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I had several ambitions about what I’d do with my spare time in New York, and so far rather than fulfilling them I’ve spent a lot of time navel-gazing and wondering about my future. I guess that’s good, in a way – I might decide to apply to grad school this year (to start in September 2010), which means making the decision now would be a Good Idea – but I’m letting a bunch of stuff go, like packing away all of my belongings, and that’s not good. Ah well.

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6 Responses to Ambitions

  1. Andrew says:

    For a less expensive option there is still a large Slovenian community in Cleveland, OH. I remember hearing about language lessons when I was there for quite cheap. Then again you would have to move to Cleveland.

  2. Cathy says:

    Hi! You mention considering doing some linguistic research while in Georgia–I just arrived here for the year and will be in Tbilisi, and the same thing has been on my mind! I’ve read a couple phonetic studies on Georgian consonant clusters, but I do think there is a lot of space for linguistic exploration in Georgian. Even getting some recordings of an even smaller subsets of the Kartvelian languages, like Mingrelian, would be fun.

    You must be quite popular by now with this blog, but if you’d ever like to exchange some messages or meet (once you’re back in Tbilisi) I’d be pretty stoked! This blog has been a sort of guidepost for me ever since I found it in December by googling “making curry in Georgia”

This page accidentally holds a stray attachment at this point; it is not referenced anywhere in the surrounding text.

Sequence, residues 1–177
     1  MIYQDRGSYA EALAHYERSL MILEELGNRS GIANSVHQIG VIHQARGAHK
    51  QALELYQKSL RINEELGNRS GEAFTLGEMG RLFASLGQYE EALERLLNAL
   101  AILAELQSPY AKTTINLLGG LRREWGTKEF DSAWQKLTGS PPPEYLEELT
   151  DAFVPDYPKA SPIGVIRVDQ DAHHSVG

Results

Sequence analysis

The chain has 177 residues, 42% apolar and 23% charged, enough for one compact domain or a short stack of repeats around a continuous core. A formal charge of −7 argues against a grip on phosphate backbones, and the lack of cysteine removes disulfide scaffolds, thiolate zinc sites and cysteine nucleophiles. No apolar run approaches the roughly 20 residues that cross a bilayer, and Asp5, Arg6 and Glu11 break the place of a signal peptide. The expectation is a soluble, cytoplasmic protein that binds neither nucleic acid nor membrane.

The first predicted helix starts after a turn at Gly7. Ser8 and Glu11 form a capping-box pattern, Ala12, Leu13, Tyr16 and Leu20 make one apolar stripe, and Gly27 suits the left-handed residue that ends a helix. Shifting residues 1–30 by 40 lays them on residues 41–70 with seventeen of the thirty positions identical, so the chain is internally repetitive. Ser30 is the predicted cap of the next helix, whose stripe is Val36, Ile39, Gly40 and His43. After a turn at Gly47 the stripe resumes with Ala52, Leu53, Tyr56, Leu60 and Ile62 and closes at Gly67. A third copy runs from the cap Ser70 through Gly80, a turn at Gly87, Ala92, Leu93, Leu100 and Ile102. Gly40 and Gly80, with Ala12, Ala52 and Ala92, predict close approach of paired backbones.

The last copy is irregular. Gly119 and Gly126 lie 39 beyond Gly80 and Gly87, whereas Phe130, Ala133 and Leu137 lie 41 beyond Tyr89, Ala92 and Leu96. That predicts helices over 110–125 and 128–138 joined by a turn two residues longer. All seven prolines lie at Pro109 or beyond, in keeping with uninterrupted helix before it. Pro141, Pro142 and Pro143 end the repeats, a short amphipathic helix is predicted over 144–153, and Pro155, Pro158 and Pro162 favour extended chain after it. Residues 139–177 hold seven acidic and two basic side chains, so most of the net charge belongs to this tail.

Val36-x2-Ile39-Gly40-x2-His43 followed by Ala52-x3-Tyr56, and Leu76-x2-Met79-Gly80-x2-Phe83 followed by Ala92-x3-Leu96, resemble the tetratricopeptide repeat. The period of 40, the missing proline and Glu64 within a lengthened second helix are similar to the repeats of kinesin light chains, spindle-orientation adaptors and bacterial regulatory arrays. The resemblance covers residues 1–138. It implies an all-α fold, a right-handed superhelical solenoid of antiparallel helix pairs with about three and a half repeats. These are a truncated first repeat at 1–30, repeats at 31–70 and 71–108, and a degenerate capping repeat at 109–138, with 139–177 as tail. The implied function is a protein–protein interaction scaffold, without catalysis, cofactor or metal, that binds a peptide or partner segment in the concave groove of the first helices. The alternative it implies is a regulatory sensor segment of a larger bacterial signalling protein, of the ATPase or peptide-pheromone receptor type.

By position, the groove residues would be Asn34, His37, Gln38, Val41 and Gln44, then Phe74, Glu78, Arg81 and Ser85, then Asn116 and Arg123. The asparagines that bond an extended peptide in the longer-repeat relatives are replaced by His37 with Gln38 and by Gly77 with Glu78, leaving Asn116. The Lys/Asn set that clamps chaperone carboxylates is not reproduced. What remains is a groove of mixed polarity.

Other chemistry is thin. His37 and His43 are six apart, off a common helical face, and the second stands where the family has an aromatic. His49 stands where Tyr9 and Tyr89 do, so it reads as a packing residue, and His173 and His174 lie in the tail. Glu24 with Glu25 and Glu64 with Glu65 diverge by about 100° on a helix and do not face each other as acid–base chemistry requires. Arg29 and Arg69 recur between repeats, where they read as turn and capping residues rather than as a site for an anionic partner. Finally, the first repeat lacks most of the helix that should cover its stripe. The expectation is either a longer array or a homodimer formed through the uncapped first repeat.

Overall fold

(sorry if this shows twice, I forgot to include my contact info)

  3. pasumonok says:

    there are two options u must follow as a foreigner in georgia:
    1. found an NGO, Foundation, Society,etc.
    2. Work for an international NGO, Foundation, Society, etc (USAID, UNISEF…)
    Oh and experts…let’s not forget the experts…
    you could be an expert.
    πŸ™‚

  4. Considering grad school? TEFL certificate? Life plans?

    I remember doing that, finished my BA in ’01, went abroad to the S.Pacific for a bit. Came back and forth, working jobs. Then got an MA in ’09 and finished with my class of peers aged 30-50 yrs old and none of us could get jobs in our field….and still can’t. Thank you economy.

    But I digress….
    You’re creative, bright, talented. You’ll find something, either a great job or a rewarding grad school program. Just make sure it’s something you love and in the most interesting location possible.

    Please write a book about all of this later so I can have something interesting to read 5 years from now when I’m stranded off of the coast of Somalia or the island of Yap w/o electricity, living out of a tent, hunting my own food, and making potable water out of my own urine, and still worrying about my student loans. πŸ™‚

  5. Steven Diamond says:

    MA in TESOL makes you monster in the overseas English teaching market. For example, get degree, pay some dues, and become a director of a program in Vietnam and make 50K living in a cheap place. MA in TESOL and perhaps a PhD/EdD translates into something like Professor of English in a Korean University with five months vacation and 12 hour work load a week at 50K or so a year with all the benefits.

    University professors actually do pretty well for themselves. Some small private school paying you 65K a year in Asheville, NC or some other random place translates into a nice life. Not to mention the time you will have to write the Great American Novel.

    As per the beginning section, planning your future as a world traveler doesn’t really happen beyond the one to two year range. We live on twelve month renewable contracts unless you really got something solid like government work, contract work, or something that has a longer project orientated time line.